The oil companies are not the solution. If they temporarily cut prices, then the demand will go up. What we probably need is possibly even a--prepare to gasp--tax on top of the crazy high prices if and only if those monies are used to improve our transportation infrastructure.

Gotta run--I think I need to get a second mortgage to fill up the H2.*

*Disclaimer: I do not own an H2.

I totally agree, Mac. I'm just pointing out how rediculous their argument is that rising prices at the pump are driven soley by the rising costs of crude and refining. If that were true, their profits would remain flat, but we all know that ain't the case.

According to the AP, Bush has "called for the repeal of $2 billion in tax breaks for profit-heavy oil companies" (he also wants to "waive air quality laws").

Can you believe that we even have $2 billion tax breaks for oil companies? Jesus...

Derek, is your point then that oil companies should not have the ABILITY to make whatever profit possible? If so, we are talking about fucking with a market economy that works about as good as anything ever invented in history. Besides, they are a heavily regulated industry, generate jobs and technology, and take risks in order to make a profit just like any other business. They just happen to sell an in-elastic commodity.

Mac is right in suggesting taxing gas MORE would curb behavior... This would hurt the oil companies too.
But it's not the oil companies anger over this that politicians fear, but Bobby Joe and Mary Sue voter that do not want to be forced to change change their habits and will vote people out on their ass.

As far as subsidies, we do this for milk producers... have you noticed the price of a gallon of milk lately. It is artificially high and hurts struggling families.
Just think if we ran our cars on milk... we'd still be fucked!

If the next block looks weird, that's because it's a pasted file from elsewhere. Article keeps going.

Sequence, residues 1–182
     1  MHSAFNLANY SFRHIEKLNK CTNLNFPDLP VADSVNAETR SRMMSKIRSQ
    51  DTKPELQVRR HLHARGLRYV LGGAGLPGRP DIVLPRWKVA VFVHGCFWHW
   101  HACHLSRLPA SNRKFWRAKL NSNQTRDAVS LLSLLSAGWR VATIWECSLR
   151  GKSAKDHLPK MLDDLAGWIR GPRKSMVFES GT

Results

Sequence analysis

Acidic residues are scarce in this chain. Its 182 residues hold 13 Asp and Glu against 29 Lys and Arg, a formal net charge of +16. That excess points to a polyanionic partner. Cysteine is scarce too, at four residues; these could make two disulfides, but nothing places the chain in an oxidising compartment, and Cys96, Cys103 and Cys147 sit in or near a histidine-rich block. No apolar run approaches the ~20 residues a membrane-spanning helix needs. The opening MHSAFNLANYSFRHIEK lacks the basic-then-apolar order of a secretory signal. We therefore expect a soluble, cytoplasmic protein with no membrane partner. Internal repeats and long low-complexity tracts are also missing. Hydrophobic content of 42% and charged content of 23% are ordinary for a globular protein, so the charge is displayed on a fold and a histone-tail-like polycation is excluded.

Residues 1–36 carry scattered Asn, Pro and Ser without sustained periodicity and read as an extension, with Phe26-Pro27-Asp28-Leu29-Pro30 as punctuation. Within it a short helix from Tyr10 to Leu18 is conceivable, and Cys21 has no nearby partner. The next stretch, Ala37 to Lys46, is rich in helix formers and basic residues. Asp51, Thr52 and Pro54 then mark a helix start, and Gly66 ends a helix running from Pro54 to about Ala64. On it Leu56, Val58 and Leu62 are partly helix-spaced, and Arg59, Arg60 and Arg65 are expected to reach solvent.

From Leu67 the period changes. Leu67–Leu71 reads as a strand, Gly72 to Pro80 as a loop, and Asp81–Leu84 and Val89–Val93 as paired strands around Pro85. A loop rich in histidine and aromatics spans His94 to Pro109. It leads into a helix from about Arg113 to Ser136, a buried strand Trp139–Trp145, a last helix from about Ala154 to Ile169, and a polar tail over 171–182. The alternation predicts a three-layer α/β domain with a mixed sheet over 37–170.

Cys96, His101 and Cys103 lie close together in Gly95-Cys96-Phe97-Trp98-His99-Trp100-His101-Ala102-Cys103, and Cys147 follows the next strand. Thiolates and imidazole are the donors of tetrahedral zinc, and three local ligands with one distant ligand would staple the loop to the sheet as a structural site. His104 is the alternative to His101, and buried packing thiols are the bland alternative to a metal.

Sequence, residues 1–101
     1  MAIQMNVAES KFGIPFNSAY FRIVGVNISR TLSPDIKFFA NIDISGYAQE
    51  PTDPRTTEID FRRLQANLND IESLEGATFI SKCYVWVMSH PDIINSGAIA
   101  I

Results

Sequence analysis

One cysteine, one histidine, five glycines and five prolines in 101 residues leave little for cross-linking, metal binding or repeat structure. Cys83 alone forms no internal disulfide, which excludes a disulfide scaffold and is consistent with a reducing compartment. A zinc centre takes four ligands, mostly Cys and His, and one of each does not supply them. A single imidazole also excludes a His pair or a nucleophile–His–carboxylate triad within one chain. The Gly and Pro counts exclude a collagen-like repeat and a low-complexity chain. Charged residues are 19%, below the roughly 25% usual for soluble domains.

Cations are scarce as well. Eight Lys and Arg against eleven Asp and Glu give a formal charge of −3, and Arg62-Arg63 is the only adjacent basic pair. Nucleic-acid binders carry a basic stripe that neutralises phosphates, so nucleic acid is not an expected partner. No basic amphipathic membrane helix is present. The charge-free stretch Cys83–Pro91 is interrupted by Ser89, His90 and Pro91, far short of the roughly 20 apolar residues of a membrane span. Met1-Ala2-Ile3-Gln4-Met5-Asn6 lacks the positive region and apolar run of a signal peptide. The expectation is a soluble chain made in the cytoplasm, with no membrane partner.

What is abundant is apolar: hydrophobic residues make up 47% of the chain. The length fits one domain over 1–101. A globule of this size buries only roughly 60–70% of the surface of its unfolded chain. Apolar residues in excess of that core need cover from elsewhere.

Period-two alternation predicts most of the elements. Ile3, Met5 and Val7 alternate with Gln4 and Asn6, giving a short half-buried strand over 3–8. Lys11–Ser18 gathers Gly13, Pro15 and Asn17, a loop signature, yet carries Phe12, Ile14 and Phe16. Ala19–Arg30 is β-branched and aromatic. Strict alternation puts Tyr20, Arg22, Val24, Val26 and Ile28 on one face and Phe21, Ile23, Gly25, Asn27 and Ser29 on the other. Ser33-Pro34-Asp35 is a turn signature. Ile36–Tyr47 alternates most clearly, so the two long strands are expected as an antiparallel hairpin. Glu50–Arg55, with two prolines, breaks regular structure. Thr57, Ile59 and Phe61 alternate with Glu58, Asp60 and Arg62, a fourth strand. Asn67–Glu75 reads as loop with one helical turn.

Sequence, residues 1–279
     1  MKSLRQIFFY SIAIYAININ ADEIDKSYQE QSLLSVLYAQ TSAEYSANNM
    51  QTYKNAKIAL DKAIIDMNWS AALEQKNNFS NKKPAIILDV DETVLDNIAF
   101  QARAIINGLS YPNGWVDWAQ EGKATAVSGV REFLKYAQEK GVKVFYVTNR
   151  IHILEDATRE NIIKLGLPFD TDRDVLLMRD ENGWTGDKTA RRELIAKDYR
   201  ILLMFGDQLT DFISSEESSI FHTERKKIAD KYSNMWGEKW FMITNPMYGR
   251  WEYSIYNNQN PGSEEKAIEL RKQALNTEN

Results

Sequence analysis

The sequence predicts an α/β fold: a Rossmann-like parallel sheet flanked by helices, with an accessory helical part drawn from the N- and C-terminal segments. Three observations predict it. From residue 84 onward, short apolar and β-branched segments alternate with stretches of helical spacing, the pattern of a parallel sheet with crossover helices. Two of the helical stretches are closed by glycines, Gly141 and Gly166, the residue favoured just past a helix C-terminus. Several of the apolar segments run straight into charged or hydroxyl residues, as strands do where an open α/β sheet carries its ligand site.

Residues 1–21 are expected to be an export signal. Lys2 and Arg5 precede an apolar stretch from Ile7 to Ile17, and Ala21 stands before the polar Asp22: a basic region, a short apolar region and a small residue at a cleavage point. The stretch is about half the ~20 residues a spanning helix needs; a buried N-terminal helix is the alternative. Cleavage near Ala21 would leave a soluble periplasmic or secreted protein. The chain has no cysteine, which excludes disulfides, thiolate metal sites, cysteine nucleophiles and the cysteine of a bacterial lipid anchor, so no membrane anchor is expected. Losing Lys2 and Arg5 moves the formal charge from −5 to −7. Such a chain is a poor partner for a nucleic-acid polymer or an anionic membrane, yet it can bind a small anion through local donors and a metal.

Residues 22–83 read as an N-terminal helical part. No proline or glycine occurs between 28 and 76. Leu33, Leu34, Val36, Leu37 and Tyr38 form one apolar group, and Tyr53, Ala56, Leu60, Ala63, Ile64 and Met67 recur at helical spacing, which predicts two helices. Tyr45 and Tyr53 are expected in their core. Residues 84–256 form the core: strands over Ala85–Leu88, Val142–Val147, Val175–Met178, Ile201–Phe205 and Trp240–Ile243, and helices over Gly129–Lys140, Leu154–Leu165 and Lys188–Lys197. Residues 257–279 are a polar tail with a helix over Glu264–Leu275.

There you are, the Free Marketeer!

I think it makes sense to have moderate regulation on essential products and services. What those regulations are, I'm not quite sure yet. I'm interested in what's being bandied about as a "windfall tax" on comapnies who post such incredible profits, especially when they get massive subsidies. I can't believe a free market Joe like yourself isn't outraged at THAT.

And I've been meaning to ask Free Market types if they believe there is any such thing as gouging? I mean, if people will pay outrageous prices, even in a time of crisis, then isn't the service/goods provider just playing the available market? When is it not OK?

Good point about gouging and subsidies. The oil business is a dangerous game and deemed necessary to all things American, so it is not surprising they producers can negotiate subsidies.
The problem with the gouging theory is, people wake up every day thinking there is a super duper crisis (read excitable news media) and rush to the pump before prices go up... then gas station owners are flooded... and raise the price.

Even if there is no immediate rush of the lemmings, news reports on Katrina, for instance, suggested over and over that it would put upward pressure on oil/gas prices. Most reports suggested we basically would dry up.

Now, if your the cheapest gas station on the block, and you get rushed... what would you do? What would you do with prices if the hurd was knocking your door down for GloNo swag?

BTW... your commentary is consistent and exhausting... I have no clue how you do it.